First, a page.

—Tim Pychyl, “How to Use Psychology to Solve the Procrastination Puzzle

Resisters are way beyond garden-variety procrastination. Those of us with 10,000-plus hours of avoidance have truly mastered the ability. If this is you, you may not even believe it’s possible to change. The predominant negative emotion may be fear — of failure, of success, of even trying. We have painful memories of broken commitments and missed opportunities, and we cover them up with bravado and intransigence.

But even a fortress of resistance like this can be overcome by finding your own productivity style.

Photo: Anguskirk, Flickr, via Compfight cc

Breaking into the Fortress of Procrastination

No matter how formidable the exterior, the way in is forgiveness, because it enables you to let go of past mistakes without judgment. According to Marianne Williamson:

Whatever it was that happened to you, it is over. It happened in the past; in the present, it does not exist unless you bring it with you. Nothing anyone has ever done to you has permanent effects, unless you hold onto it permanently.
—Marianne Williamson, “The Miracle of Forgiveness

Learning from mistakes is valuable, but beating yourself up and carrying the burden of past failures has no good purpose. We may have broken our commitments to ourselves, but we can forgive ourselves and begin again.

Once you have released any shame you carry from previous acts (or lack thereof), the next step is to recognize your core qualities. What is the essence of you that you want to keep — what’s working for you? One way to begin is by identifying your most important values, what they mean to you, and how they show up in your life. These give you a guiding focus — a kind of definition of who you are and what you care about.

For example, one of my core values is freedom. It shows up in my life as wanting to do things my way and ignoring others who tell me what to do. When I’m given instructions, I pay attention to those that make sense to me and put my own spin on what’s left. This discernment comes through in my approach to coaching. I’m unwilling to be authoritarian and prescriptive.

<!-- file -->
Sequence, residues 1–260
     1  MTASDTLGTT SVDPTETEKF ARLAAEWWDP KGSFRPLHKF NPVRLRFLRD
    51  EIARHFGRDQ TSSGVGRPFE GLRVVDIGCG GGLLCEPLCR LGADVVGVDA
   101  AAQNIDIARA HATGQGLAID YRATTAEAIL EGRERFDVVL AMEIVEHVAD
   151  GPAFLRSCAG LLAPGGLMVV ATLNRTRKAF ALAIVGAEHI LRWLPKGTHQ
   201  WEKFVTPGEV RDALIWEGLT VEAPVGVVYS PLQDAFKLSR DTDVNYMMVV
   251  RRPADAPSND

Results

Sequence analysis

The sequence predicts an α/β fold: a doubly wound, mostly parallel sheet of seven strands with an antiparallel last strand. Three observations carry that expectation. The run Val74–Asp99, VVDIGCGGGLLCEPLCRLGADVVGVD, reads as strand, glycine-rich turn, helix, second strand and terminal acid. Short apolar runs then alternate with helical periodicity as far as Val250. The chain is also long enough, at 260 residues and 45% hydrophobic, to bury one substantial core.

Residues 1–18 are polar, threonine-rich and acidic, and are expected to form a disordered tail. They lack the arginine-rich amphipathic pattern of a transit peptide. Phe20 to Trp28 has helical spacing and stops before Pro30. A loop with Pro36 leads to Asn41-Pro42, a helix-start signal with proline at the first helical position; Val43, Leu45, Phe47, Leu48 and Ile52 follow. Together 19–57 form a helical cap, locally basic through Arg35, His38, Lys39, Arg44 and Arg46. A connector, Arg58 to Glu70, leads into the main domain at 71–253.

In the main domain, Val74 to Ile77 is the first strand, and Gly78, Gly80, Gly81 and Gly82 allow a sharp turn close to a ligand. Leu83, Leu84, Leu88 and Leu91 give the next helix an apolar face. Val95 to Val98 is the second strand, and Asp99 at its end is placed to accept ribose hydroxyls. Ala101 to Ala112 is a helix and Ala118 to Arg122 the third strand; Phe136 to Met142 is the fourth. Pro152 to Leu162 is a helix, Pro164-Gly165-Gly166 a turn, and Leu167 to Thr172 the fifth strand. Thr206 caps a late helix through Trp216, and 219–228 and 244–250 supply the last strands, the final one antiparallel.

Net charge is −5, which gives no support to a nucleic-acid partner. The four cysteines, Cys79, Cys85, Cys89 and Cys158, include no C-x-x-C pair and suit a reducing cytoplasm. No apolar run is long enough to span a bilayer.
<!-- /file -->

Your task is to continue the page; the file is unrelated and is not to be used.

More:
Productivity can be increased in many ways, but no single right answer exists. The key is to consider the best practices and adapt them to your individual style.

If you’re a free-spirited poet, you’re unlikely to be successful tracking your progress in a spreadsheet. Don’t follow that advice. If monitoring your consistent action is the objective, do it in a way that’s natural to you — perhaps use a leather-bound journal with your favorite calligraphy pen or gold stars on a handmade wall chart.

And if your best creative work comes in blocks of free time, don’t try to fit yourself into a tightly regimented schedule. If you know you need 20 or 30 minutes of brainstorming or doodling before you can compose a satisfactory blog post or sketch, set aside a realistic amount of time to be successful. Notice and build on what works for you. Reject or modify what doesn’t.

Success looks different to each of us. According to David McClelland’s human motivation theory, regardless of gender, culture, or age, we have three driving motivators — achievement, affiliation, and power—one of which is dominant.

When you’re motivated by achievement, you have a strong need to set and accomplish challenging goals. When power is your driving motivator, you enjoy competition and winning. And affiliators want more than anything to connect with others and belong to the group.

These drivers affect our productivity style by influencing the goals and pace we set for ourselves and the level of satisfaction we feel from our accomplishments.